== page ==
Once more a book has been recommended to me through the grapevine, and this time I've had the pleasure of encountering D.B. Borton's new book, Bayou City Burning. Borton's exciting novel follows a mystery set in 1961 Houston, Texas. P.I. Harry Lark works to step down from a case that quickly turns deadly. His budding P.I. of a daughter, Dizzy Lark, investigates a mystery of her very own revolving around a young girl who mysteriously receives a doll from her father, following his alleged death in a tragic train accident.
This is my first encounter with Borton's work, and through the grapevine, as mentioned earlier, I was asked to review this book. One of the main aspects I take into account when reading anything new is first impressions. In the case of Borton's story, my expectation was higher since, as a native Houstonian reading local fiction, I immediately wanted the satisfaction of recognizing that Houston spirit any citizen would know. I was far from disappointed when I came across the line of dialogue spoken by Harry:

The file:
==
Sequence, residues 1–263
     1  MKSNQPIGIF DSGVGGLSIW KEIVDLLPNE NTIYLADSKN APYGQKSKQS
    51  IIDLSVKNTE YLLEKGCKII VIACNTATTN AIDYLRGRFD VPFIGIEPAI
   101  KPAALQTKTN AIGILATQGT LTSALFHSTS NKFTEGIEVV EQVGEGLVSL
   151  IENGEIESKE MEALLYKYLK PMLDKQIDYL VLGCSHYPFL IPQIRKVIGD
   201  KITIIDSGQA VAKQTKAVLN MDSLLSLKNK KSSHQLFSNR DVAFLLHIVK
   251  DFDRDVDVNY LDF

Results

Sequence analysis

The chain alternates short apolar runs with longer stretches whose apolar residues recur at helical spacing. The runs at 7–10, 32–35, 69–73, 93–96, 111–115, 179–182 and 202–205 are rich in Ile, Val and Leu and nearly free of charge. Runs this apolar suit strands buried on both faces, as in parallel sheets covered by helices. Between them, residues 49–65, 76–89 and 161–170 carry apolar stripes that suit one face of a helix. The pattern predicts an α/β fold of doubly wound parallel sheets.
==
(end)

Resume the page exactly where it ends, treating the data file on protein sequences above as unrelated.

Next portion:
"Houstonians view roaches as just another breed of livestock. And when the bayous overflow and the crayfish wander onto the patio, we just look on it as fresh seafood delivery. Hurricanes keep us on our toes and make us appreciate the garden-variety thunderstorm."
This aspect of Borton's story is more of a personal positive in my book, but there's nothing more rewarding to me than a local Houston author who understands the soul of this city. Now take into account that lasting Houston spirit is shining in the backdrop of 1961. On the same note, Borton's curt writing gives the story's narrative character and the characters themselves refreshing grit.
If there is any criticism I can offer to Borton's book, it will double as another compliment as I found myself going back and forth on the amount of setting offered in Borton's historical fiction piece. I am not a connoisseur of detective stories or crime drama, so when I say I found the use of setting lacking, it is stated with this intention taken into account. There are great lines to do plenty to give us a glimpse into the year of 1961 like the following line:
"The next day, May 25th, President Kennedy addressed a joint session of Congress. Among other things, he said that we were in an all-out race with the Russians to control outer space, and that he was committed to putting a man on the moon by 1970."
Usually, historical fiction spends more of the narrative on setting for the sake of immersion. It is fair to argue that crime fiction as its own genre concerns itself less with this staple, but it did cost me the ability to feel fully immersed in 1961 Houston. The compliment in this criticism is that I would recommend this as an entry-level historical and crime fiction book to any range of adults who are new to either of these genres.